In 2015, Stanford’s School of Medicine and the Graduate School of Business (GSB) formed an academic partnership to launch a one-week residential program for health care executives called "The Innovative Health Care Leader: From Design Thinking to Personal Leadership."
Physician-author Abraham Verghese, MD, and Sarah Soule, PhD, senior associate dean for academic affairs at the GSB, directed the course and helped executives learn how to apply the framework of design thinking to some of the toughest challenges in health care, such as balancing the need for big data and cutting-edge research with caring for and connecting to your patients, and recognizing the aspects of your workplace that prevent innovation from happening.
The course was wildly popular with more interested applicants than available seats both years the program was offered. “I think we are really hitting a need in the market,” Soule said. Part of the program's appeal, she explained, is its use of design thinking, which is a repeatable, problem solving technique that encourages you to get creative, helping you generate many innovative solutions to your most vexing problems.
Stanford’s David Kelley was among the first to apply design thinking to problems related to product design and business in the 1980s. Since then, design thinking has also been used in the field of medicine, but mainly to improve medical devices and habits related to health, Soule told me. Using a design thinking lens to identify ways leaders can improve health care and the management of health organizations is relatively new, Soule said, and it’s one of the reasons why the Innovative Health Care Leader program is resonating with so many people.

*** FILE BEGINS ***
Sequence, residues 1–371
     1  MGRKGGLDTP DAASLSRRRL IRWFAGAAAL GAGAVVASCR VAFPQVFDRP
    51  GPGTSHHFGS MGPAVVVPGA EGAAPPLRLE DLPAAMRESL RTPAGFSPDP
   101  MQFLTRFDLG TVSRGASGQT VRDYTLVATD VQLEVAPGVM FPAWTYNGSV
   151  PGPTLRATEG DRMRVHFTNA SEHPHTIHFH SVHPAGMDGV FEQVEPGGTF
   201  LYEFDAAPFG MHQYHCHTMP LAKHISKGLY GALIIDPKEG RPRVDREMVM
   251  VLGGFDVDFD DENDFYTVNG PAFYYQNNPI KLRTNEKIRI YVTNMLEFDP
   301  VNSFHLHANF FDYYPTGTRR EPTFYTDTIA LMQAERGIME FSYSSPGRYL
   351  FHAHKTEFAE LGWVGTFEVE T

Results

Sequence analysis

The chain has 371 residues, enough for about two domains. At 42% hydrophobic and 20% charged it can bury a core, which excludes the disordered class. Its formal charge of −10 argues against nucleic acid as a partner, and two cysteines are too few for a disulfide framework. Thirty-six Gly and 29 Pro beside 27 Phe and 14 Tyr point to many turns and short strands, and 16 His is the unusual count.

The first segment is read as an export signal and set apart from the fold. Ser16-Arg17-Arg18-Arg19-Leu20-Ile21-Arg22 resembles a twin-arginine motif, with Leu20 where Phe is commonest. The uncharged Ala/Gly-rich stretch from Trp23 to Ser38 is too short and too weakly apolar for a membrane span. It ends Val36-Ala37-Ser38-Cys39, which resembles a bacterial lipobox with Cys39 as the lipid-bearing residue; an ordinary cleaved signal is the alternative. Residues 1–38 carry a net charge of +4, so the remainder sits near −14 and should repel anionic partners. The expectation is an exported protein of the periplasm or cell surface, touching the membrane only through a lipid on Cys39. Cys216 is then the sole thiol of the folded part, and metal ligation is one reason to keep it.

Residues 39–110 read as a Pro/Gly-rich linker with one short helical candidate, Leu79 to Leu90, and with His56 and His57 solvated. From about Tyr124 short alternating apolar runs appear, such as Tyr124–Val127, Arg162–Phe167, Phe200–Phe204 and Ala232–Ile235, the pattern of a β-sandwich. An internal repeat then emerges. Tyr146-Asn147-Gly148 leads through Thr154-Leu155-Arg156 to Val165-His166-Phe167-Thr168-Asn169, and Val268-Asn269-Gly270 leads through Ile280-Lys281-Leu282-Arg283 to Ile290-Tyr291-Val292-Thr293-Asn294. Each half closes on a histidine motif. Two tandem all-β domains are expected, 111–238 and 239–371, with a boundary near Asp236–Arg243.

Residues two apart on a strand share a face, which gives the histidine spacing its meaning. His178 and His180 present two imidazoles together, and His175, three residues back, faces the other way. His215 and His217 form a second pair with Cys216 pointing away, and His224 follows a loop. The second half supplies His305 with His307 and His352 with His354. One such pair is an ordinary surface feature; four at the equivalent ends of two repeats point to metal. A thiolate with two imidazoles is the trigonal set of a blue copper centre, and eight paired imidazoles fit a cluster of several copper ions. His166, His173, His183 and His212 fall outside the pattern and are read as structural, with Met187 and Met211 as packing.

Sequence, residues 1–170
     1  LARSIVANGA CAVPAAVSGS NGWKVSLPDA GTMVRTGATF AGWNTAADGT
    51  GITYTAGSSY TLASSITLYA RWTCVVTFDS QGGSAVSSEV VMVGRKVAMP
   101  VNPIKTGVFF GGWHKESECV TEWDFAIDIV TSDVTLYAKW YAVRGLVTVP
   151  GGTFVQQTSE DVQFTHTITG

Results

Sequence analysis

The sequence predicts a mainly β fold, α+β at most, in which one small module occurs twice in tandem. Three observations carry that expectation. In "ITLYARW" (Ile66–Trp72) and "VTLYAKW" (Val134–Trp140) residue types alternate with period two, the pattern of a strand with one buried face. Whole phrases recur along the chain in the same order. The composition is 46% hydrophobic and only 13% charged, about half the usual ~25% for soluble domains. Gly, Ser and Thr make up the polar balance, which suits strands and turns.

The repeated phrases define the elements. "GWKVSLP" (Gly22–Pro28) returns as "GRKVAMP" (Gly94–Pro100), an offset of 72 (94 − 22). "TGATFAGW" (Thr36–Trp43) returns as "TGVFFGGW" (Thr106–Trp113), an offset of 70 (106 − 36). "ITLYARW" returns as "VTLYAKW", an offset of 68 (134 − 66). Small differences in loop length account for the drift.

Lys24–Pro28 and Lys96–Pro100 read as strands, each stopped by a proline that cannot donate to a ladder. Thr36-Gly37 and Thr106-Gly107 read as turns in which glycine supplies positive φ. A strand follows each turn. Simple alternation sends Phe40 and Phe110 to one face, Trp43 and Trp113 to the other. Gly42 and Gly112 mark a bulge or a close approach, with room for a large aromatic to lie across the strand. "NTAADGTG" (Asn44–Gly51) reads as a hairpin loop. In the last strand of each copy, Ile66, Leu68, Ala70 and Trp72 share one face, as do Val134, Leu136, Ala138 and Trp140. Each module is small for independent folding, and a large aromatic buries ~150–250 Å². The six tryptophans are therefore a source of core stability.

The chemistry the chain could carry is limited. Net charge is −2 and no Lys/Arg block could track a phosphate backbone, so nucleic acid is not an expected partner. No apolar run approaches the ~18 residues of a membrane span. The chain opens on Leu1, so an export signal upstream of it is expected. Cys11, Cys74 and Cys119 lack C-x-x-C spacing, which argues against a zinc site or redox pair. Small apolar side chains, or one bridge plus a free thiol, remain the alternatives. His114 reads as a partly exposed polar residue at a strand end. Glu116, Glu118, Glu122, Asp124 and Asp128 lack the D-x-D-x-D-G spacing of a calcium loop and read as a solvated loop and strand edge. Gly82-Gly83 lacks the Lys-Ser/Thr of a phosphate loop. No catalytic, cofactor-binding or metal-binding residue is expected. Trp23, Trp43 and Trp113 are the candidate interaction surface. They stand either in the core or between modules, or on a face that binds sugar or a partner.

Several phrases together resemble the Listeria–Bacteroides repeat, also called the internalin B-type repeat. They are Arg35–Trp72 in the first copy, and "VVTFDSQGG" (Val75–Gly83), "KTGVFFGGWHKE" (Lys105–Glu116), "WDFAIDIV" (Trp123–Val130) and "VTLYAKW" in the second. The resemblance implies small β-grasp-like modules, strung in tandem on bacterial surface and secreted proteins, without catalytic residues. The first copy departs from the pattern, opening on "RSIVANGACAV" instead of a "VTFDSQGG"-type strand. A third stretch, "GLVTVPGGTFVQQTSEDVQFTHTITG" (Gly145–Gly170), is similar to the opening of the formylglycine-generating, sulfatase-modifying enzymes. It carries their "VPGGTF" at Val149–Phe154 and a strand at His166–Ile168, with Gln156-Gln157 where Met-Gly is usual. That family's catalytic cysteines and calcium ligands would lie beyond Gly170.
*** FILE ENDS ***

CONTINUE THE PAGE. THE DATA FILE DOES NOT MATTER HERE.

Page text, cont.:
In the course, Soule presents several examples of how design thinking is applied to organizational problems. One such example is the case study of Huntington Hospital in Pasadena, California. Here, Soule explained, "design thinking improved customer service and also ended up improving the organizational culture of the unit implementing it."
This year, Soule and Verghese expanded the program's curriculum to include several new sessions that address themes such as crisis management, big data and AI, using storytelling to communicate ideas, and mindfulness for health care leaders.
"Mindfulness encourages us as leaders step back and slow ourselves down, so that we can be more self-aware as leaders and be better at understanding the perspective of others," Soule said. "Because mindfulness makes us better at understanding others, it is core to design thinking."
People who are interested in applying for the program, which begins May 13, can submit their applications through April 2.
Photo by El Fafa